Muhly is short for Muhlenbergia, whose origin the website of the Lady Bird Johnson Wildflower Center explains this way: “The genus of this plant is named for Gotthilf Heinrich Ernst Muhlenberg (1753-1815), also Heinrich Ludwig Muehlenberg, or Henry Muhlenberg, who was a German-educated Lutheran minister and the first president of Franklin College, now Franklin and Marshall College, Pennsylvania. He is most famous due to his work in the field of botany. An accomplished botanist, chemist, and mineralogist, Henry is credited with classifying and naming 150 species of plants in his 1785 work Index Flora Lancastriensis. Muhlenberg’s work and collaboration with European botanists led to great advances in the study of plants and earned him the distinction as America’s first outstanding botanist.”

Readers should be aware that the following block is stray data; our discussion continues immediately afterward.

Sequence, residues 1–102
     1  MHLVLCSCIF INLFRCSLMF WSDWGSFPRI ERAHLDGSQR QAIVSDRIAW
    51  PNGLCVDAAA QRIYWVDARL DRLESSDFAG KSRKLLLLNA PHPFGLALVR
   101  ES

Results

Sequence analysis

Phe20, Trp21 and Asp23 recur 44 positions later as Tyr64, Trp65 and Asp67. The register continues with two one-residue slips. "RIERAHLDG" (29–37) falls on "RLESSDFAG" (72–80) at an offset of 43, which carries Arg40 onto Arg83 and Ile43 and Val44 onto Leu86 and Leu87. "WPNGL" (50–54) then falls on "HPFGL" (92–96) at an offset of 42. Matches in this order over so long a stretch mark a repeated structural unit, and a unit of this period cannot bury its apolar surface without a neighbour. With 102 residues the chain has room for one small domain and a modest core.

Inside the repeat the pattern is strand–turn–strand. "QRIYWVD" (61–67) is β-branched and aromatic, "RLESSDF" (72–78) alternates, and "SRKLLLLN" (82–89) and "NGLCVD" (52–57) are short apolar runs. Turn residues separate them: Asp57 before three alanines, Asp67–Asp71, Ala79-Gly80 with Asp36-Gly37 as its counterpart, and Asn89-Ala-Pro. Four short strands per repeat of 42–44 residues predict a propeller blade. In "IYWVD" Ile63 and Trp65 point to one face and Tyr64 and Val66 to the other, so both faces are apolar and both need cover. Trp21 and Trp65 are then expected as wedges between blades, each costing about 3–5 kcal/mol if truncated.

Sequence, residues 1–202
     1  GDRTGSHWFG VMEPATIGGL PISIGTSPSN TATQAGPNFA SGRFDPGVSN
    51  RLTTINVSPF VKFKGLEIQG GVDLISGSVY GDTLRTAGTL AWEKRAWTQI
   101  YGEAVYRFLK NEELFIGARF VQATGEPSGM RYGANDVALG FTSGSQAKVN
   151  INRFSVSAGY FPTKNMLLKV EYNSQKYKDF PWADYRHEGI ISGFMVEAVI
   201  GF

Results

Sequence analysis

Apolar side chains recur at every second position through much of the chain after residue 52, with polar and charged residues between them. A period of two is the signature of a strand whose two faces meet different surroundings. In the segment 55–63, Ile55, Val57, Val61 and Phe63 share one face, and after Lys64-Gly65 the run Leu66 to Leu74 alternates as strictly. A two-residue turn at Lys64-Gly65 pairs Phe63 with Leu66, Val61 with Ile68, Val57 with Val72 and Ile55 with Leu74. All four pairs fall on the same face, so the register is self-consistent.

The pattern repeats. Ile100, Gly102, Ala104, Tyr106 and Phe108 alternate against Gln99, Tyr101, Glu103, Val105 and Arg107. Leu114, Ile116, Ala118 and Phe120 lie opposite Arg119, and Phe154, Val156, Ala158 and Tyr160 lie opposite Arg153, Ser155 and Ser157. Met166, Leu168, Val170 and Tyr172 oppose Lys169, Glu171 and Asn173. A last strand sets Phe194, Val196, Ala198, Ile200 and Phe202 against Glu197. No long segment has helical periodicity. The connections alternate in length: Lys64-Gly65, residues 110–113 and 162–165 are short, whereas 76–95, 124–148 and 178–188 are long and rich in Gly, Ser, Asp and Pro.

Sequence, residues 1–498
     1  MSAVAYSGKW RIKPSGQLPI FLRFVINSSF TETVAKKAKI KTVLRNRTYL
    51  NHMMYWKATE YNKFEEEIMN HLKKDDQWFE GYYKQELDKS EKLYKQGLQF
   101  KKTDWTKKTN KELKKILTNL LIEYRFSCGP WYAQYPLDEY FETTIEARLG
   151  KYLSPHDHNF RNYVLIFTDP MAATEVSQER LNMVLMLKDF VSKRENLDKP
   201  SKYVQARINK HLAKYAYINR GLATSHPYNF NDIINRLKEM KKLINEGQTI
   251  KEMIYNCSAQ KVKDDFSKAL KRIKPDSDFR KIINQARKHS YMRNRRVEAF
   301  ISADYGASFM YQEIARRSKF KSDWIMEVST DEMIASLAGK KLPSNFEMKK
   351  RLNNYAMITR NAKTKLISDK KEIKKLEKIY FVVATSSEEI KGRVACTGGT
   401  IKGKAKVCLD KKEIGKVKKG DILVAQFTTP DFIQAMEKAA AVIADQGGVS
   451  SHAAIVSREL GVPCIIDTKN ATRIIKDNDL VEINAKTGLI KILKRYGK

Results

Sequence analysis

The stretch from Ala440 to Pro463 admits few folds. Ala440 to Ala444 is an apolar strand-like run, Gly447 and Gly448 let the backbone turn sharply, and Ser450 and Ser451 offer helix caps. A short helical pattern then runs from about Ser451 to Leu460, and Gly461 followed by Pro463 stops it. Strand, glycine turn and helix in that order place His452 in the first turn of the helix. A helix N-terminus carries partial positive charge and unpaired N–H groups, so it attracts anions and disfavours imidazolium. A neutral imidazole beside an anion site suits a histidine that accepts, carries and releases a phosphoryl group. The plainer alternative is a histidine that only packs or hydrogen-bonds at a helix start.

© 2019 Steven Schwartzman

Written by Steve Schwartzman

December 28, 2019 at 4:42 AM

Two views of flameleaf sumac

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Longtime visitors here know that central Texas is too warm to get the kind of fall foliage that colder parts of the country are famous for. That said, we do get some autumn color, and one reliable source of it is the aptly named flameleaf sumac, Rhus lanceolata. On November 9th I spent time on part of the Brushy Creek Regional Trail in Cedar Park, where I made the two flameleaf sumac pictures in today’s post.

© 2019 Steven Schwartzman

Written by Steve Schwartzman

December 10, 2019 at 4:40 AM

Another July 4th

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As I’ve sometimes done for the Fourth of July,
today I’m offering up a red, white, and blue photograph.
It shows standing cypress, Ipomopsis rubra, on May 20, 2009,
at the intersection of Williamson County Rd. 217 and US 183.

© 2019 Steven Schwartzman

Written by Steve Schwartzman

July 4, 2019 at 4:36 AM

Galaxies of buttercups